I’ve been programming since I was 6. It was the good old days of Commodor (64 and Vic) and then apple IIe and IIc.
*Sign* ahh… I was so young and passion about computers back then + life seems to be very good back then.
Everything was black or white. Simple 🙂
Here are my most memorable lessons I’ve remember in the past 22 years of coding:
- Always search before you build. There is no point in building the same wheel (anyone, said framework?) again and again and again.
- Don’t over design. Build first something that works and solve your problem and later come back and improve: code, performance etc’.
- Don’t fall into the student syndrome – In other words, don’t push your work and try to hack something in the last minute. You (=the student and the project) will fail.
- Use the right tool for the job – choose a language, framework, design pattern that solve you problem in the best way. Never the other way around. Moreover, don’t get in love with a language (e.g. Java) just because it is cool.
- Always backup your code – trivial… specially, after the first time your harddisk is ‘gone’ and you lost 4months (or years) of work.
- Learn and then learn and then keep Learning more – You must keep yourself updated with new stuff. In these days, every day/week there is something new you should be on top of. You must keep with the flow of info in order to be better coder.
- Change is constant – Your knowledge of technology/programming/life should be similar to how you treat stocks: Diversify.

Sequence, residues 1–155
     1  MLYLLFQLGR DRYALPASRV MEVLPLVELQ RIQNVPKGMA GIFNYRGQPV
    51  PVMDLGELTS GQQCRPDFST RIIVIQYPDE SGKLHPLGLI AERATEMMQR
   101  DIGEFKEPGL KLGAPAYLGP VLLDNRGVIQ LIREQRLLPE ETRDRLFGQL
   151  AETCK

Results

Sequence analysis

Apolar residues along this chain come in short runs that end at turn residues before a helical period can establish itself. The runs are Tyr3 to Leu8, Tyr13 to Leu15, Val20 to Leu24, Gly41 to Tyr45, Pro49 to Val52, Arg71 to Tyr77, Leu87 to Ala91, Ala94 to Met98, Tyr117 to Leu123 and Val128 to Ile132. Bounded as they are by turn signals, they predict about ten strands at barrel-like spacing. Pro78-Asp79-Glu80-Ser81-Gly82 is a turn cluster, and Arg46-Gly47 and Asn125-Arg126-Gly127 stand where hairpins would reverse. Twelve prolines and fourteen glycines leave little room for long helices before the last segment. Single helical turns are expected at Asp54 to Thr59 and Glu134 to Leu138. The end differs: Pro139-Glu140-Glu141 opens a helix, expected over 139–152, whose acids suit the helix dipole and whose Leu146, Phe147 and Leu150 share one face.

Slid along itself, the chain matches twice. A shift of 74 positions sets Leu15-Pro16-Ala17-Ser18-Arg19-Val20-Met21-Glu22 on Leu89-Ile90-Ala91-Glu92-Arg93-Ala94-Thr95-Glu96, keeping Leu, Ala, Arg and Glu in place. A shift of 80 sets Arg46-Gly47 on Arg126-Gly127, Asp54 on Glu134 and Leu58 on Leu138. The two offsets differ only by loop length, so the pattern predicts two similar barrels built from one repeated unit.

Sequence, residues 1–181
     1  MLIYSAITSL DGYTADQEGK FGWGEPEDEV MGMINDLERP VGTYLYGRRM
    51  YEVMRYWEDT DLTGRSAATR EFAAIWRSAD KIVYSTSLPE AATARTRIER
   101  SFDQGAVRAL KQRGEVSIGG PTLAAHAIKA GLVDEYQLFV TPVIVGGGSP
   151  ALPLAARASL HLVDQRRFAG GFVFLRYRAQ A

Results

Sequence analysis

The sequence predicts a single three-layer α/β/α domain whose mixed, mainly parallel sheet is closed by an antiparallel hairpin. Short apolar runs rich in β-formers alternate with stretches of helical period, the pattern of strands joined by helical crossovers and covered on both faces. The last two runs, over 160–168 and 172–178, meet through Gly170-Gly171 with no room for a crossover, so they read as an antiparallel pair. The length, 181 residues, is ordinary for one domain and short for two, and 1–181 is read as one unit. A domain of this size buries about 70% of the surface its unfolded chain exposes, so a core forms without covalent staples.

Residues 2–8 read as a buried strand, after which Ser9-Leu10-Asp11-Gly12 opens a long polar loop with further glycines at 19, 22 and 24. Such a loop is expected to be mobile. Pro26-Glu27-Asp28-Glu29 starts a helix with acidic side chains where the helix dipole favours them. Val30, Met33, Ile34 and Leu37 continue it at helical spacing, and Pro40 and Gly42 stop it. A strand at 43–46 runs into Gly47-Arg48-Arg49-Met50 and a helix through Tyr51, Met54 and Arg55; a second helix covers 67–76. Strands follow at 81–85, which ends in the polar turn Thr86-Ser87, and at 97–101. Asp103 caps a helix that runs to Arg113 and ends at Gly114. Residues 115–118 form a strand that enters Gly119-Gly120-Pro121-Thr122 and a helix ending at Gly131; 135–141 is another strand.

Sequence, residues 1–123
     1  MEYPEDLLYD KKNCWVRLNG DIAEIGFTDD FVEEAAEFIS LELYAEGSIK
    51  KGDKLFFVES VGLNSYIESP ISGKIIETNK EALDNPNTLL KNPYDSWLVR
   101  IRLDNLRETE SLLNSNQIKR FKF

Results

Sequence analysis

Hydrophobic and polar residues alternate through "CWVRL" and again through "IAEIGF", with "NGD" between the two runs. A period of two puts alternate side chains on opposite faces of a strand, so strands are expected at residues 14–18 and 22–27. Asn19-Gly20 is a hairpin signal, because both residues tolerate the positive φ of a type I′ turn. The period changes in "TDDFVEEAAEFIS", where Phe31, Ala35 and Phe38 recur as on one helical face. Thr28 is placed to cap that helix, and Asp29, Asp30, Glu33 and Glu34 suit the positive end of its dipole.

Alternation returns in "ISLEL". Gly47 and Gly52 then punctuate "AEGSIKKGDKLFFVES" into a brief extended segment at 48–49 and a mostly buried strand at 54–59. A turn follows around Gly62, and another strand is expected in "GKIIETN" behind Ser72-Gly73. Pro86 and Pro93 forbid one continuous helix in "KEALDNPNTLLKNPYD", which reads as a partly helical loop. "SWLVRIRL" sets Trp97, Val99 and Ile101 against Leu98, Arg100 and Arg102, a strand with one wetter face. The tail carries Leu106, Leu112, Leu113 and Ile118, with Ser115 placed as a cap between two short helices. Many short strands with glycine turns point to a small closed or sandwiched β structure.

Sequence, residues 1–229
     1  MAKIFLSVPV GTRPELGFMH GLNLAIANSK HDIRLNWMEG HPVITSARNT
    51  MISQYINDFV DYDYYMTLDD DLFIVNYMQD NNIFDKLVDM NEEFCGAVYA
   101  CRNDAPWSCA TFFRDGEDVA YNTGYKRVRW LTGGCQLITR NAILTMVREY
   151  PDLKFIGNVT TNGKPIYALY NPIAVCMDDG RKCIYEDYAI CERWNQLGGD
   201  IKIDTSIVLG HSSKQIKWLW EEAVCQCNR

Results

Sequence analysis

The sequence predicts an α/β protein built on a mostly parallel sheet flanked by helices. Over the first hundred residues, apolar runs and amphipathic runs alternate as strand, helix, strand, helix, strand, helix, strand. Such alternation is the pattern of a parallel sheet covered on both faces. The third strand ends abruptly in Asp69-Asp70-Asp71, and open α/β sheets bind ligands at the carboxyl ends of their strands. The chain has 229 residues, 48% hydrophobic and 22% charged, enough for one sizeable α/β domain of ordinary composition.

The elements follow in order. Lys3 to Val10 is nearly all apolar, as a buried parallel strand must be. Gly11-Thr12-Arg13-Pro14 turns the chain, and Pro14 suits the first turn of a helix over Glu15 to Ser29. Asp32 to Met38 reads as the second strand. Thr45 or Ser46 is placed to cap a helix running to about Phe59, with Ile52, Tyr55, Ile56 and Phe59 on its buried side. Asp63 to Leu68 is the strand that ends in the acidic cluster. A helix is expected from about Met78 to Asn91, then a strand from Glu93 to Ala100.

Don’t get too comfortable with a particular technology. If there’s not enough support for that language or technology, you might as well start updating your resume now and start your training period. Who said “Java” and who said “Python”?
- Open good communication between all the experts in the company or in other words, creative collaboration of domain experts and developer experts.
This is one of the critical and key success factor to any successful project. You must nature and advocate to open good communication. People should feel comfortable to speak their mind and to point that the king is naked as soon as they recognize it. We all know that the ‘answer’ is some where in the organization and the people that need it should be able to get to the right people on the right time.
- How is your web application / software / feature is going to change and help the organization?
This is one of the most important question you need to ask yourself and push in a direction that will answer it in the best way.
I have a lot more, but I had enough time to write a short post. If you have some more urgent lessons, please feel free to add them here in the comments.